The US Department of Justice (DOJ) has announced it is “looking into violations” by Ticketmaster and its parent company Live Nation.
At yesterday’s (Tuesday’s) Senate anti-trust subcommittee, which featured testimony from the anti-trust heads of the Justice Department and the Federal Trade Commission, Makan Delrahim the assistant attorney-general for the DOJ’s antitrust and competition division, said the department is “examining allegations of violations” of the consent decree that ruled the 2010 merger of the two industry giants.
The concert promoter has operated under the consent decree since 2010, which is set to expire in July 2020, that bars Live Nation from withholding concerts and tours from buildings that do not use Ticketmaster, or retaliating when venues go with a competitor.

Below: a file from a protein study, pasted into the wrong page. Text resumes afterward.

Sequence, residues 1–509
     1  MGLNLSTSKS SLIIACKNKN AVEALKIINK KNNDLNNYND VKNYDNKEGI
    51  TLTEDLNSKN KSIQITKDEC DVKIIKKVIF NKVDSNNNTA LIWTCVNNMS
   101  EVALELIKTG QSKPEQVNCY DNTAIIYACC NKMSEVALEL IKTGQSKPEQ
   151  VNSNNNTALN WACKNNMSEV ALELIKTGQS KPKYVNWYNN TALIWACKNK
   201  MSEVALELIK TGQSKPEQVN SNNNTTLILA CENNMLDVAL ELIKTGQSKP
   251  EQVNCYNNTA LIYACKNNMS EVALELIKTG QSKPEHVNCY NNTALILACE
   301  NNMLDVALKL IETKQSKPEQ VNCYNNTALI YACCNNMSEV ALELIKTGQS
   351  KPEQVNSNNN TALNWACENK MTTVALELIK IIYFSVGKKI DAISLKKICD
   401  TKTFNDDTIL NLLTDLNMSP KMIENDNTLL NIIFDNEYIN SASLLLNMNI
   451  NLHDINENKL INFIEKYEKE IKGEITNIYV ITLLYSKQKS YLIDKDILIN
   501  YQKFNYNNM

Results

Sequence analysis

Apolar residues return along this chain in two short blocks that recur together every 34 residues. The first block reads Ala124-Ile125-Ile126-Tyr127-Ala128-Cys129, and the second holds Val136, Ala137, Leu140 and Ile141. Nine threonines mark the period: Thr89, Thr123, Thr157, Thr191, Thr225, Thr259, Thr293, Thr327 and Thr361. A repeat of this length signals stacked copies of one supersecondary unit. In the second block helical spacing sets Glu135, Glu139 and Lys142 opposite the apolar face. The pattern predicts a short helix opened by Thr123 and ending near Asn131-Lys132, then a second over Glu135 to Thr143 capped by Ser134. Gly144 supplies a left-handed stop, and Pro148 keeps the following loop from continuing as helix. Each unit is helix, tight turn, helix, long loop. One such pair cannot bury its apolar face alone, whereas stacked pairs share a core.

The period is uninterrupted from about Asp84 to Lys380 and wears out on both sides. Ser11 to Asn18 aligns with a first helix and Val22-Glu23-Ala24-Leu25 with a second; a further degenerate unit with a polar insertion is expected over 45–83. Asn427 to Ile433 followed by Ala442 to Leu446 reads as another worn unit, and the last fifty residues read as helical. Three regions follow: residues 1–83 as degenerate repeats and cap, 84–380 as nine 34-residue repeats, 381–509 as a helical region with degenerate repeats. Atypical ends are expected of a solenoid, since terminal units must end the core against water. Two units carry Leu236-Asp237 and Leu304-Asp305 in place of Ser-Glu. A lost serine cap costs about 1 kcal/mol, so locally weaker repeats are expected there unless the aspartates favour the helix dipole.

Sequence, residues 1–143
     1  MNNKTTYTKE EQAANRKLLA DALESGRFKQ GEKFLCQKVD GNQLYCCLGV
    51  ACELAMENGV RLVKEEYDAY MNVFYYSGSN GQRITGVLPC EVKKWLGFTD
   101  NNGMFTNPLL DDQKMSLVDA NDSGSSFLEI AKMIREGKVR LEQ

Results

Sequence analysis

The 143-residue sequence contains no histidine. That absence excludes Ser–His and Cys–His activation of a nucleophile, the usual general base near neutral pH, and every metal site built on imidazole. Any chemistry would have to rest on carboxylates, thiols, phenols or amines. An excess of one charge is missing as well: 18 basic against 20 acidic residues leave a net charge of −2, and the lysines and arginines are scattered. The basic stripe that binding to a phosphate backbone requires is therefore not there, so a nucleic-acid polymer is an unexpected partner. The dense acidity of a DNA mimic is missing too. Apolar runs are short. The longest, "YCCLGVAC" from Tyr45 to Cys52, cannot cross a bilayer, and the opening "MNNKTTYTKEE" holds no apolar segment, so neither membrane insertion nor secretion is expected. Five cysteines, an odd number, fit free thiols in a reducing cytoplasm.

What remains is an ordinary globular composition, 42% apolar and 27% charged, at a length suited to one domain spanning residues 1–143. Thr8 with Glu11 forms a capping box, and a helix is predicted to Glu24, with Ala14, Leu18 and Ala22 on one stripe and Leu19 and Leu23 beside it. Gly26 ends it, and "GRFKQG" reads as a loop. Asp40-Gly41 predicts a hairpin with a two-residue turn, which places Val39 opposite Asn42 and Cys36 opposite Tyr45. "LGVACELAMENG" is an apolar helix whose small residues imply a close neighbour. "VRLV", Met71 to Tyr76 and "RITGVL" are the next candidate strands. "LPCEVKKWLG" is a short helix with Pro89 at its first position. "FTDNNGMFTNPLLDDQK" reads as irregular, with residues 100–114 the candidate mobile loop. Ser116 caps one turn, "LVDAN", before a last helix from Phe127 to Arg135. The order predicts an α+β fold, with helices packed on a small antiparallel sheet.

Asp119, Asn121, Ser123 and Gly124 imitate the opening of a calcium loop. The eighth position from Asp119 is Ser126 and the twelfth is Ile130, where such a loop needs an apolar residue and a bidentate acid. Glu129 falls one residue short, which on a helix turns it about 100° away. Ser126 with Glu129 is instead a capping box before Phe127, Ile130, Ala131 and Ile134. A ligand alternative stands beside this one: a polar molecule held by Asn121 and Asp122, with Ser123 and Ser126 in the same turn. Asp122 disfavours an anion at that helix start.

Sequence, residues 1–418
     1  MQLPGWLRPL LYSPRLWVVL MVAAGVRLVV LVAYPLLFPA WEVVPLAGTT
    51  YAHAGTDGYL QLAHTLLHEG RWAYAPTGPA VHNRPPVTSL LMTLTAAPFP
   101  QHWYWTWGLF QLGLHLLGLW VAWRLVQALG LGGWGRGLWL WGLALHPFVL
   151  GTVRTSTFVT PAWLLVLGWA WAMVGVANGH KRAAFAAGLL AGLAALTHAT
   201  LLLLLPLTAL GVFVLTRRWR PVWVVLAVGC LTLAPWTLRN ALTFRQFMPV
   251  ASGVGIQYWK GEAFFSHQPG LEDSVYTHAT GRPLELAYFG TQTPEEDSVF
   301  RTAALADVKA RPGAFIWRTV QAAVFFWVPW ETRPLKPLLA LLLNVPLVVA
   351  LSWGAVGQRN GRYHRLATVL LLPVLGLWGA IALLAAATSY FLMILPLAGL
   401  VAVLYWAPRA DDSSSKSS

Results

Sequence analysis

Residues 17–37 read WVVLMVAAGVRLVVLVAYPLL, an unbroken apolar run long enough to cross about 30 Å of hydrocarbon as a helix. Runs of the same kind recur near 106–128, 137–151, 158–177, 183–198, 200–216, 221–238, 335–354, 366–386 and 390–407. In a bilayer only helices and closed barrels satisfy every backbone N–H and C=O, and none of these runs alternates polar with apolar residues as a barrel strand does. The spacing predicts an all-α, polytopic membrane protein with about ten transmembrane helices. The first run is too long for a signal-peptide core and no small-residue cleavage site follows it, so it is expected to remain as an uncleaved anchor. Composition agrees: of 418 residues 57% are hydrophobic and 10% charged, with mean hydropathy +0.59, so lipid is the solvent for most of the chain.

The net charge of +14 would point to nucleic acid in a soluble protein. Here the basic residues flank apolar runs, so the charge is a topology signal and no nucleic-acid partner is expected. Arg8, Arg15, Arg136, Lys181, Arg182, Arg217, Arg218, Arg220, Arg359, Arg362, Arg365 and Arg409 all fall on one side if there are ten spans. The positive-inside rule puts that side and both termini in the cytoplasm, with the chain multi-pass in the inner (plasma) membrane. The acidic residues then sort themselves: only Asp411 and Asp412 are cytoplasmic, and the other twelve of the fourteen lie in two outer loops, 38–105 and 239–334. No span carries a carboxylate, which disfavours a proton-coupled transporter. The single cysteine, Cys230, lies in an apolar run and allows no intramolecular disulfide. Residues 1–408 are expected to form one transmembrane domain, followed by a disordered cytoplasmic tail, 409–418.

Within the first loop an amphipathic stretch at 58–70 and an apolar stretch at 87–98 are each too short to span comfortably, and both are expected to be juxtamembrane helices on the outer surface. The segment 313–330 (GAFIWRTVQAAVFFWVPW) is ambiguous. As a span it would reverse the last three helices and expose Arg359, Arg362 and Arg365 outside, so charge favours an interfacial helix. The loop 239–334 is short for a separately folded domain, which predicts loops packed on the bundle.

A letter to the DOJ from Senators Richard Blumenthal and Amy Klobuchar said: “The consent decree has been criticised as ineffective, and there have been disturbing reports that Live Nation has flouted its conditions.” Adding that the soon-to-expire deal leaves “Live Nation’s dominance virtually unchallenged.”
Earlier this month, the Senators called on the DOJ to “investigate the state of competition in the ticketing industry” and potentially extend the consent decree past July 2020.
Live Nation and Ticketmaster replied in a statement: “As we have previously stated, Live Nation and Ticketmaster have always complied with their obligations under the consent decree. We do not force anyone into ticketing agreements by leveraging content, and we do not retaliate against venues that choose other ticketing providers.”